Not much news from Africa manages to reach Estonia. The continent has not enjoyed the rapid growth of, for example, East Asia, and yet since regaining its independence Estonia has increasingly forged new connections and ties with the land of the Sahara, which this August’s issue of Diplomaatia will explore.
The specialist diplomat Indrek Elling writes about the Sahel. While he admits that Estonia’s military mission to Mali has brought us good relations with France, Elling cannot get past the region’s problems. “An average Nigerian woman gives birth to seven children; in Mali and Burkina Faso the number is six. Simultaneously, these countries have some of the highest rates of infant, child and maternal mortality in the world. If there is a part of the world that treats women like baby-making machines, then sadly the Sahel would be it,” says Elling.
Consultant Karin Kaup-Lapõnin looks at the implementation of the e-state in Africa, which Estonia could contribute to. “According to a rough estimate, Estonia’s IT sector could earn billions from the African market in the next ten years,” she says.
Diplomat Daniel Schaer investigates how Africa’s new free trade agreement influences business in the continent. The article gives an overview of the recognised regional economic communities of the African Union, as well as other factors that might influence the entry into force of the new agreement.
Member of the Estonian Parliament (Riigikogu) Eerik-Niiles Kross reports on South Africa.
Africanist and University of Tartu lecturer Karin Veski writes about Estonians’ first historical contacts with Africa. “As far as we know, the first person from Estonia to visit West Africa was the University of Tartu-educated Johan Philipp von Krusenstierna (1626–94), who in 1656–8 held the position of commander of a Swedish Africa Company fort in Cabo Corso on the Gulf of Guinea in the Swedish Gold Coast (Ghana),” says Veski.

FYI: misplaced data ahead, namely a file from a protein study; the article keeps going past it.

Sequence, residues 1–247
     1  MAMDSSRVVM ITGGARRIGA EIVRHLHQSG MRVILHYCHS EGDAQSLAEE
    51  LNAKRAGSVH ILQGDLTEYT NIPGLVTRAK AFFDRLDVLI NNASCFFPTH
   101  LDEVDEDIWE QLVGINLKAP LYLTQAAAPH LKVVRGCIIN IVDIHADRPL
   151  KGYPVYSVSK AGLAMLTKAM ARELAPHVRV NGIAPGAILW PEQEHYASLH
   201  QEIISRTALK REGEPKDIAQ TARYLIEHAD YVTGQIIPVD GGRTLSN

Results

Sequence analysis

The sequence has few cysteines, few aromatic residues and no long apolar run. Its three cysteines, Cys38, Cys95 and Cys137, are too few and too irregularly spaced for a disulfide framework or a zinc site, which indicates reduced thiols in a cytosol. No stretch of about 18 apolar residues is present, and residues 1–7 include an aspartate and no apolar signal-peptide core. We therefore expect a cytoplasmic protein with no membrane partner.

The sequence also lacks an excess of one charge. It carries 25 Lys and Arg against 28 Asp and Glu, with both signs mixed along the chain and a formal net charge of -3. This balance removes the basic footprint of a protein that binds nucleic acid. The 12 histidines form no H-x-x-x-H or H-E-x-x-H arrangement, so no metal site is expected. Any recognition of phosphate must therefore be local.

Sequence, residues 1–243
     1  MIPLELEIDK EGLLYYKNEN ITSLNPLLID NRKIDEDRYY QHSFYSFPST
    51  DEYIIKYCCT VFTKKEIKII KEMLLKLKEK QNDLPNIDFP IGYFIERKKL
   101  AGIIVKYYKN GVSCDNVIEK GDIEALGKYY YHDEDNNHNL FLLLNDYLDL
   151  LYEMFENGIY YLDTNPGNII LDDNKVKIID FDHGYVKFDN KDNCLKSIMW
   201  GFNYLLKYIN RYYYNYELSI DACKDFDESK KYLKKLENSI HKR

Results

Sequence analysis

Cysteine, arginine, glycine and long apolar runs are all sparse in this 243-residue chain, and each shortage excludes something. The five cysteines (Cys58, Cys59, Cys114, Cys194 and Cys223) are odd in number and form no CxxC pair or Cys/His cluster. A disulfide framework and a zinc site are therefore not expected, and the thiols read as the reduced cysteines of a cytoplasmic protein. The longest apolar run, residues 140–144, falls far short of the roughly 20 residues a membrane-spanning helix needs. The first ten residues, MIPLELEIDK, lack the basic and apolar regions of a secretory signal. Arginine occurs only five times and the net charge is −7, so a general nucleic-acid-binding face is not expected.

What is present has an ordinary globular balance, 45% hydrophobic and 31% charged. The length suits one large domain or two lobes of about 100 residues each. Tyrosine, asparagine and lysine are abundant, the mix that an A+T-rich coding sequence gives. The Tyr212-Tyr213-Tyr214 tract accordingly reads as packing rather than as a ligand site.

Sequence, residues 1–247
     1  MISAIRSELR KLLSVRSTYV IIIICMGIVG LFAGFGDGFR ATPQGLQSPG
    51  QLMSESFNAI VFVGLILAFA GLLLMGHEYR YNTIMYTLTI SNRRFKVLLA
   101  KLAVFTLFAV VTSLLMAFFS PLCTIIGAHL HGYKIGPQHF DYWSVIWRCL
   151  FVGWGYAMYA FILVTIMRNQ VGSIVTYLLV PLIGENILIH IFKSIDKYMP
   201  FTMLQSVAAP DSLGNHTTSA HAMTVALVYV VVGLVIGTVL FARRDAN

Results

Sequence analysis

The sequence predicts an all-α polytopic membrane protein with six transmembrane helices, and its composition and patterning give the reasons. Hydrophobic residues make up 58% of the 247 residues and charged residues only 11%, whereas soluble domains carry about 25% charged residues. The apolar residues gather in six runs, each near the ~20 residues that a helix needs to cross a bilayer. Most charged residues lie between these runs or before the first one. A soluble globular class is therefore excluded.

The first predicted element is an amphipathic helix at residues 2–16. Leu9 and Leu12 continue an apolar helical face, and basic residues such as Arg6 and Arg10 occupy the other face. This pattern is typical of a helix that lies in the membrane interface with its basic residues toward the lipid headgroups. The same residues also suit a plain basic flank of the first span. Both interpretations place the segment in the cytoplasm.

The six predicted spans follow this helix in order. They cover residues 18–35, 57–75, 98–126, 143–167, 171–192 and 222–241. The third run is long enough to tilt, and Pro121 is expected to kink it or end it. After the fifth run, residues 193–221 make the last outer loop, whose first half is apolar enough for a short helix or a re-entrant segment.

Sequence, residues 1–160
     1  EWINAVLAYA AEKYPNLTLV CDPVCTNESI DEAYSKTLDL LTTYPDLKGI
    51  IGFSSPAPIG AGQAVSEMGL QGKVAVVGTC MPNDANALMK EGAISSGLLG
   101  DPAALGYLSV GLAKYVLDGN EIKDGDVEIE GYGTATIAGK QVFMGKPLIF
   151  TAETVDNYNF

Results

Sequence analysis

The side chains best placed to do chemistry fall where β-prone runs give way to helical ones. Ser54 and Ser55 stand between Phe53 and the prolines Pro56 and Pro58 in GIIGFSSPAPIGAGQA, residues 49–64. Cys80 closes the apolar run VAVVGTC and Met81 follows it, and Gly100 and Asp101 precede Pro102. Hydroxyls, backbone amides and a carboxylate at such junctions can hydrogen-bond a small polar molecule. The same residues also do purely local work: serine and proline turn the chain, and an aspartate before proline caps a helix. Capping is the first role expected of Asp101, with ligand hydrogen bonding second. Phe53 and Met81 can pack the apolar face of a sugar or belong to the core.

Marianne Mikko describes long-suffering Rwanda. “While the patriarchal Rwanda of the 19th century had only one important woman—Umugabekazi or the King’s mother—and the pre-genocide Rwanda had the saying ‘Behind every strong man there is a strong woman’ (ukurusha umugore, akurusha n’urugo), in the Republic of Rwanda of 2018 women participate in governing the country as men’s equals,” she writes.
Analyst Sergey Sukhankin outlines the activity of private Russian militia organisations in Africa. The functioning of such units on the continent sheds some light on the overall model of cooperation Russia uses with selected African countries: in return for protecting a local dictator and training his armed forces, Russia receives concessions for mineral extraction and other projects in various areas, says Sukhankin.
This article was published in ICDS Diplomaatia magazine.